The internet has inspired more than its fair share of idiotic ideas. The death of distance claimed that the net would enable us to work where we like and interact with whoever we like. It turned out to be an extrapolation of the experiences of a few global elites and footloose companies, leaving the vast majority of people still making the same journey to work every morning. The end of the business cycle promised that the net would allow such efficient distribution of information that markets would price assets perfectly. The world is still waiting.
A recent British government initiative, announced in August 2003, is a belated contribution to this register of internet silliness. While governments around the world from Estonia and Sweden to Singapore have pioneered experiments in changing the ways that citizens and authorities interact, the office of Britains prime minister seemed still in thrall to the heady days of dotcom exuberance, as it breathlessly announced the ability to send Tony Blair an email.
There is nothing wrong with such a public utility in itself. The problem is not the tool, but the inflated claims and expectations that accompany it. Before the event, many had been appalled by the fact that you couldnt email the prime minister. The opposition Conservative party even named and shamed Blair on the issue, joining forces with edemocracy utopians who claimed that new media would revolutionise our relationship with government.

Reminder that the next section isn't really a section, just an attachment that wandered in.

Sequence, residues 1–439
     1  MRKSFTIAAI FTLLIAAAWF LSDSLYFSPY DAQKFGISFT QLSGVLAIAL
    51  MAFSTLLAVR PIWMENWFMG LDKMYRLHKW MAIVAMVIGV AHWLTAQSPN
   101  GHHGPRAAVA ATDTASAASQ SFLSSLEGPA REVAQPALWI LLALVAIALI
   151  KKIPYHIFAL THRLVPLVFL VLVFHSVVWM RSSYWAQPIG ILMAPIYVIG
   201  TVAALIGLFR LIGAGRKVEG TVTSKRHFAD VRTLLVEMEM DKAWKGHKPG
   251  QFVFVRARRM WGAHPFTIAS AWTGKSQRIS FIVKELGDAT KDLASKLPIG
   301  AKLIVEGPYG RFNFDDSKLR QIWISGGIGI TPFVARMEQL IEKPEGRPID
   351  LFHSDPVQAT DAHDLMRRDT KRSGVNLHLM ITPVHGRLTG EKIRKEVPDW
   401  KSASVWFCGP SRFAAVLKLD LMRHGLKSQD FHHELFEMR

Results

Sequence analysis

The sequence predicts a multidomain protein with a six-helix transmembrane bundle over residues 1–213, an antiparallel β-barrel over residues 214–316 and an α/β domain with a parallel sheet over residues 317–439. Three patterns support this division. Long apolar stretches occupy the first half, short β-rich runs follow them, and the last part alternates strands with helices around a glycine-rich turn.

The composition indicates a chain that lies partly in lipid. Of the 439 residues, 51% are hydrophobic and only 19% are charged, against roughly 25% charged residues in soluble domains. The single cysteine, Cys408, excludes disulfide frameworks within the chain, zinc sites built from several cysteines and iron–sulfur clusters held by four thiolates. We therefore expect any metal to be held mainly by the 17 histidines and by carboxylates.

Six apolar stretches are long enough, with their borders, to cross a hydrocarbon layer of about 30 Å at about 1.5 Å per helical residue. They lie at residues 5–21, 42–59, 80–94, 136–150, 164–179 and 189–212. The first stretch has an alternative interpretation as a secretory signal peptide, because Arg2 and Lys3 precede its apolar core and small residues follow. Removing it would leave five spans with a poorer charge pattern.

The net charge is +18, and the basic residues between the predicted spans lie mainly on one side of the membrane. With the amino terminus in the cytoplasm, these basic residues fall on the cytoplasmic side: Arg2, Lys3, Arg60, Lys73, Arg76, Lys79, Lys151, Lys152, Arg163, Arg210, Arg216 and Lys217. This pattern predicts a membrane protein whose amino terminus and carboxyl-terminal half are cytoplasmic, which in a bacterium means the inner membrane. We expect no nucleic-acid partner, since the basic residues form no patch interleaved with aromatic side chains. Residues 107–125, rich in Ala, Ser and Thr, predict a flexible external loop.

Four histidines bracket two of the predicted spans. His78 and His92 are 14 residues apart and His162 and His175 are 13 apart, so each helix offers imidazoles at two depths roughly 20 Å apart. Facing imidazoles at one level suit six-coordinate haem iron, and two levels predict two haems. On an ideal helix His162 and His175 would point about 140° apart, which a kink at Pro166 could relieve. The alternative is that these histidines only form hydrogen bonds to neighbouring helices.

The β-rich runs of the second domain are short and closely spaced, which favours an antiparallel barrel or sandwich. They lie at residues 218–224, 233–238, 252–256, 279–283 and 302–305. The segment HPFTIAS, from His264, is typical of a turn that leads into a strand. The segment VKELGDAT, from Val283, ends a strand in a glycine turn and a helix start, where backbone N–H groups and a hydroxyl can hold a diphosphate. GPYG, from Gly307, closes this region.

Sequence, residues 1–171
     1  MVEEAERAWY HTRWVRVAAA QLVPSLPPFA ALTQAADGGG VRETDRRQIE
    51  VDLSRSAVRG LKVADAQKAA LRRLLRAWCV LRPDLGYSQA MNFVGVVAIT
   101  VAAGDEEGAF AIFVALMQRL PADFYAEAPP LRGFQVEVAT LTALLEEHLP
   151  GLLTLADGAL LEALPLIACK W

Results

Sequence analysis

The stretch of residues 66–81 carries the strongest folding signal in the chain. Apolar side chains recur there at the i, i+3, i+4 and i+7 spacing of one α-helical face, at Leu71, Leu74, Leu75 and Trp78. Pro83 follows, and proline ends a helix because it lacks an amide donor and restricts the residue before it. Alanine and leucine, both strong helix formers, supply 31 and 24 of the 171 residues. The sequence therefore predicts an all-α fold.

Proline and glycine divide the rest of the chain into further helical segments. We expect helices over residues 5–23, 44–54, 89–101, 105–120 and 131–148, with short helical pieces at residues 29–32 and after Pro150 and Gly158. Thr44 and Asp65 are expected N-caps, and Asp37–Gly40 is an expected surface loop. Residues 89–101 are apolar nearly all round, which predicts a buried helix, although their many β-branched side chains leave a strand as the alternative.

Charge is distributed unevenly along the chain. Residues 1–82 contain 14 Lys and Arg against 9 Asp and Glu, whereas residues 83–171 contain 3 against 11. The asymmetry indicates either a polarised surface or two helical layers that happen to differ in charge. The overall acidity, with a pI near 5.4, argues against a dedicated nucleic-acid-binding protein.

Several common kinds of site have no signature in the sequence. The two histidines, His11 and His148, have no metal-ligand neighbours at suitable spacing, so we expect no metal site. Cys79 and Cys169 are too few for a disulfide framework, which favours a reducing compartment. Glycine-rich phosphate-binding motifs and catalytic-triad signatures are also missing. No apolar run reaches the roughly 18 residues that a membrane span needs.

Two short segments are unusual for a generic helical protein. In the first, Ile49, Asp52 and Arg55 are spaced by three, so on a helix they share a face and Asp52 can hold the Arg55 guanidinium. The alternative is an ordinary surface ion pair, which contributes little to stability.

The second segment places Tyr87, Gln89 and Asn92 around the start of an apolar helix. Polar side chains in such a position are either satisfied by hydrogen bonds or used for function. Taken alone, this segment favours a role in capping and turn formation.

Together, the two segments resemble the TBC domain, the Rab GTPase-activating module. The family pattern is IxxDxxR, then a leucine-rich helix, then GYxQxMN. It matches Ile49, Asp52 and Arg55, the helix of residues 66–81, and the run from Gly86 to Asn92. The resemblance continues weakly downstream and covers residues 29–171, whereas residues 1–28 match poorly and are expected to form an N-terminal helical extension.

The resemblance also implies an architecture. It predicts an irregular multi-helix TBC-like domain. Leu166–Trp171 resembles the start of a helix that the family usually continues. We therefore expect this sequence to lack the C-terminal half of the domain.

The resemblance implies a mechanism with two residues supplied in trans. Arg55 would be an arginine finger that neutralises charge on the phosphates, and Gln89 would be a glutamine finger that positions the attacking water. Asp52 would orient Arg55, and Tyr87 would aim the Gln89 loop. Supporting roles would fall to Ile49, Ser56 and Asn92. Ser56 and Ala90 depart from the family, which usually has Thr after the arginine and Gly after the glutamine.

But now that Blairs email has been available for almost a year, the voices of acclamation are subdued. What next a campaign to access Tony Blairs mobile phone number, or to secure the right of a meeting with him? Such demands would receive ridicule; so why was the entitlement to email him taken so seriously?
More is less
When politics move online, the fundamental tradeoffs that take place between accountability and interactivity tend to be forgotten. Before the internet, this offline tradeoff was understood intuitively something too obvious to need pointing out.
Two examples illustrate this. A national government is accountable, in the sense that it expends a considerable proportion of its energies explaining and defending its actions to the media, NGOs and opposition parties. What Tony Blair says publicly is said in the knowledge that he cant later deny it (as much as he may try. But there is little real interaction with the public, except via the ballot box every four or five years.